Nope its not. I firmly believe that TVR would still have a viable business model, and still be around if the owners bought the car signing a piece of paper to say they understood the kit car nature of the vehicle, and a list of kit car like failures that they wouldn't bring it back to the factory for.
    What mushrooms are they putting on your pizza Julian?

    TVR would have gone under even faster if you were in charge. Smolenski couldn't sell enough cars to keep things afloat as it was, never mind turning away a good percentage of any customers. TVR employees spent most of 2006 playing cards as the order books completely dried up and suppliers refused to provide any more goods until they were paid for monies owed so I can't see your plan reversing this.



  • heebeegeetee 08 Dec 2012

    julian64 said:
    Nope its not. I firmly believe that TVR would still have a viable business model, and still be around if the owners bought the car signing a piece of paper to say they understood the kit car nature of the vehicle, and a list of kit car like failures that they wouldn't bring it back to the factory for.

    At about the same time people were prepared to say they they never touched a spanner and were proud of that, TVR went under.

    I remember a conversation I once had where the same argument was being used by the head engineer in west malling TVR. He told me of a Tuscan customer who bought a tuscan back thirteen times in the first year, mainly because a corner of the carpet had come away. Each time they sprayed a bit of adhesive at it and stuck it back, each time he came back because he wasn't satisfied, even wrote them a letter to say the car was not fit for purpose because of the poor repair on the carpet and seemed aghast when he was told the whole carpet was secured that way.
    Fairly tongue in cheek they actually presented him with a can of spray free, and eventually offered to take the car back off his hands.

    Now that buyers indignation would be entirely justified had he had bought an MX5. Its a great little car designed to be reliable for the money. TVR was however a car designed for performance, not reliability. Anyone whos owned a TVR for any length of time has a toolkit in the back. Even the warranty companies became far and few between for TVRs because they didn't want to take them on.

    In garlicks case, top up the radiator, and get it home. If the water pours out the bottom of the car as soon as you put it in a hose has gone and you either get underneath and secure the clip back on or you're buggered, but more than likely if its a small hole and you monitor the temp, you can continue to top up the radiator and get home. Getting the radiator our takes about an hour and doesn't require much in the way of tools. Getting a raditor repaired cost about 50-100 quid.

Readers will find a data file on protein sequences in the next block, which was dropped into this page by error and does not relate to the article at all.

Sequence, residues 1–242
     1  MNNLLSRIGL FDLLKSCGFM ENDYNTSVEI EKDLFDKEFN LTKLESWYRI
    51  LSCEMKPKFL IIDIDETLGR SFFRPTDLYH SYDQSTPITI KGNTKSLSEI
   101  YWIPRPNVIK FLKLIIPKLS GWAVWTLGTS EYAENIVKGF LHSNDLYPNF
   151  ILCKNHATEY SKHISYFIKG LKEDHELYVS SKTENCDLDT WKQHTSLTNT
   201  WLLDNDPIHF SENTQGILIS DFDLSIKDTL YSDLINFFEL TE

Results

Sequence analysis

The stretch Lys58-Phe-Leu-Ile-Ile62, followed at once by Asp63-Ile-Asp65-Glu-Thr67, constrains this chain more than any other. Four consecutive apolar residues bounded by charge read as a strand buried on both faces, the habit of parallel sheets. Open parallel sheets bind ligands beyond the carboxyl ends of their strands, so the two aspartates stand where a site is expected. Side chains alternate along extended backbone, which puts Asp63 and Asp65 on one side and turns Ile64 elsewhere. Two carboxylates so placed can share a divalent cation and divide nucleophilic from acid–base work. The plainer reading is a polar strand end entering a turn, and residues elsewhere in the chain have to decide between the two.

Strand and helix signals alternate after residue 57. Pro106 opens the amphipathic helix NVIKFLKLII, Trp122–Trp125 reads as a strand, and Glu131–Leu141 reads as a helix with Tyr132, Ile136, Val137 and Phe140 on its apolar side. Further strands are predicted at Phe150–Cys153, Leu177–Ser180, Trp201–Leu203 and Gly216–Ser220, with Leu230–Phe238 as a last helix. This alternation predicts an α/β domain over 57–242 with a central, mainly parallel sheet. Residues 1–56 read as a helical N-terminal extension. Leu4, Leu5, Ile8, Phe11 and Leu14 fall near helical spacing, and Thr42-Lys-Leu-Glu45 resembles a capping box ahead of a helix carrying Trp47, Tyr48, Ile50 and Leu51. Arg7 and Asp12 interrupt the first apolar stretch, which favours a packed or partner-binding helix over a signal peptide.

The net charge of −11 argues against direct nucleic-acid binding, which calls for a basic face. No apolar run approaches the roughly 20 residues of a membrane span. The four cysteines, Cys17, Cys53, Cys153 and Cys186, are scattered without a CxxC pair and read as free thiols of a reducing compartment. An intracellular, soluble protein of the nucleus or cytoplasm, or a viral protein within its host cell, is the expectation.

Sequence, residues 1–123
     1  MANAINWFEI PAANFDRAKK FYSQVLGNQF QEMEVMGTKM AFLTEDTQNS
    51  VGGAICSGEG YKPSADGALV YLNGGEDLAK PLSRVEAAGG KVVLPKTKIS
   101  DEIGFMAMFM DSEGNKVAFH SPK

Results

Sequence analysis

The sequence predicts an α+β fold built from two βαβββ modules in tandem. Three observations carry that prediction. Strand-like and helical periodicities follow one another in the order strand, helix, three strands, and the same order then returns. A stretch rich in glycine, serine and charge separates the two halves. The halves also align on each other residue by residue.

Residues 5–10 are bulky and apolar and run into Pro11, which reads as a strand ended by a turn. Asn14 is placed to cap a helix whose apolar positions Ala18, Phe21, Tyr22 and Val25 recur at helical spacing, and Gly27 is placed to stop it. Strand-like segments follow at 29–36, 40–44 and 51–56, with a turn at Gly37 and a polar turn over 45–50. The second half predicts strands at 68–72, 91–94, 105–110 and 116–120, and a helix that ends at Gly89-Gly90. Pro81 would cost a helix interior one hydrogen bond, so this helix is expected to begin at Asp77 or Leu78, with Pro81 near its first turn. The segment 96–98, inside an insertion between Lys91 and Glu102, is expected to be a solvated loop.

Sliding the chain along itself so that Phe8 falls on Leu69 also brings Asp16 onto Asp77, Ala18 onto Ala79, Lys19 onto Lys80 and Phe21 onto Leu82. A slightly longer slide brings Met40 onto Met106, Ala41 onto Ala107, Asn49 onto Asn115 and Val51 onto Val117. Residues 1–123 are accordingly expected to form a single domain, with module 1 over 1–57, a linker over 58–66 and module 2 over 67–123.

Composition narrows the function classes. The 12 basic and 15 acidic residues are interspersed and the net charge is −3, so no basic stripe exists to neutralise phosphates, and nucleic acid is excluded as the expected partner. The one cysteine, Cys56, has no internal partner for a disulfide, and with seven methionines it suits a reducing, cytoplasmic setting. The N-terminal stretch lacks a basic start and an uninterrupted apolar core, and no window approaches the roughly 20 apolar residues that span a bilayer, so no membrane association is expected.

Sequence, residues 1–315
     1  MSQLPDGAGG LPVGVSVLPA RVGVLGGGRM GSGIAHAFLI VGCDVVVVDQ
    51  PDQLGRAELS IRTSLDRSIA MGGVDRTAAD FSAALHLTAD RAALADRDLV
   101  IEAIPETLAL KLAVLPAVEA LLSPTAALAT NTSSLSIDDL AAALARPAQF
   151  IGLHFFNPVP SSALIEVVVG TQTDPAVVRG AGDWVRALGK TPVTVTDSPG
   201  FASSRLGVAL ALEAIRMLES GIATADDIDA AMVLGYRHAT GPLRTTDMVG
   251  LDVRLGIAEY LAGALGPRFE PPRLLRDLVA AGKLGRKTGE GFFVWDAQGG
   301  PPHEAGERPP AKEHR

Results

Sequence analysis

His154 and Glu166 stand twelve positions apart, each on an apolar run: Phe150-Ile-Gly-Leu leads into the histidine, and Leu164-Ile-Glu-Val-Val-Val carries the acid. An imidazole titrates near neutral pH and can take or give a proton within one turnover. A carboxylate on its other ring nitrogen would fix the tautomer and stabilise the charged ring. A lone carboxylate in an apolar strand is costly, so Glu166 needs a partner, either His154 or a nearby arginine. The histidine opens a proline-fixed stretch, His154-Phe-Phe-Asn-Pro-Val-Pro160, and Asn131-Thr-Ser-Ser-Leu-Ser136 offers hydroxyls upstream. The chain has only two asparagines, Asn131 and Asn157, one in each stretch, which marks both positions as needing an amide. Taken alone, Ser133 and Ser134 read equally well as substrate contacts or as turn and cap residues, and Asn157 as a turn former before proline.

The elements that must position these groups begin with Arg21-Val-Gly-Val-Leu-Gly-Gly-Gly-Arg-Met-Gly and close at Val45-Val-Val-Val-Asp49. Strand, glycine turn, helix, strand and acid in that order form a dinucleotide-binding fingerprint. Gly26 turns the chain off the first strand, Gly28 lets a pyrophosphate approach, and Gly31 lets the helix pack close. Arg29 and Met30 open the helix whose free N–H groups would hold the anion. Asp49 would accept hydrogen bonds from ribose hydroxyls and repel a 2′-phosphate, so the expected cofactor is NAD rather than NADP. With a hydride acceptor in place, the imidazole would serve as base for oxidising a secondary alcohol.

TVR marketed a put together KIT car, which gave maximum performance for minimum buck, but the downside was that the owner had to be understanding of this.

    Smolenski didn't kill TVR, he inherited a business model that the previous owner of TVR watched dissapear because people liked the idea of a TVR but actually needed an MX5.

    I'm not really trying to get at Garlick. I just see red when an article has both cars in and trys any sort of compare and contrast
    If they can't sort out carpet, what make you think they can sort anything else?

    I don't think the general public should put up with performance cars with kit car failures on the road. What on earth stopped TVR from building cars properly in the first place?

  • Russell B 08 Dec 2012

    If TVR hadnt started putting roofs on cars and using engines that can be problematic i reckon they would be here today. LS engines must be the best way to go and its sad the factory saw that too late.

  • julian64 07 Dec 2012

    TheLastPost said:
    julian64 said:
    I firmly believe that TVR would still have a viable business model, and still be around if the owners bought the car signing a piece of paper to say they understood the kit car nature of the vehicle, and a list of kit car like failures that they wouldn't bring it back to the factory for.
    Are you serious?!

    Quite apart from being illegal, such a disclaimer would destroy any company's credibility instantly and turn them into a complet laughing stock!

    'We are incapable of building an acceptable product and we expect you to sign this disclaimer acknowledging such before we are prepared to sell it to you. And oh, by the way, our intermediate service intervals consist of checking the brake pad thickness, fluid levels, bulbs, and a replacement for the chocolate engine we're about to sell you, you mug'.

    Yeah, right. I'll have two, please.
    I think you've just proved my point. No longer acceptable to buy that sort of car because of general attitudes like yours and subsequent legislation. But if a company like that was around I'd buy from them because I'd know that all the money I'd paid went into the engine or dynamics, not into a comittee of people designing carpet fasteners. I'd expect the sort of comittment to the car that TVRs needed.

  • smartypants 07 Dec 2012

    I suspect it's more your middle paragraph about petrol heads that pissed people off more.

    As for kit car and reliability, my boss bought a brand new Alfa 156 and was back to the garage nearly every week for gearbox problems. He eventually got his money back

    We all have stories to tell that can paint a picture we want to paint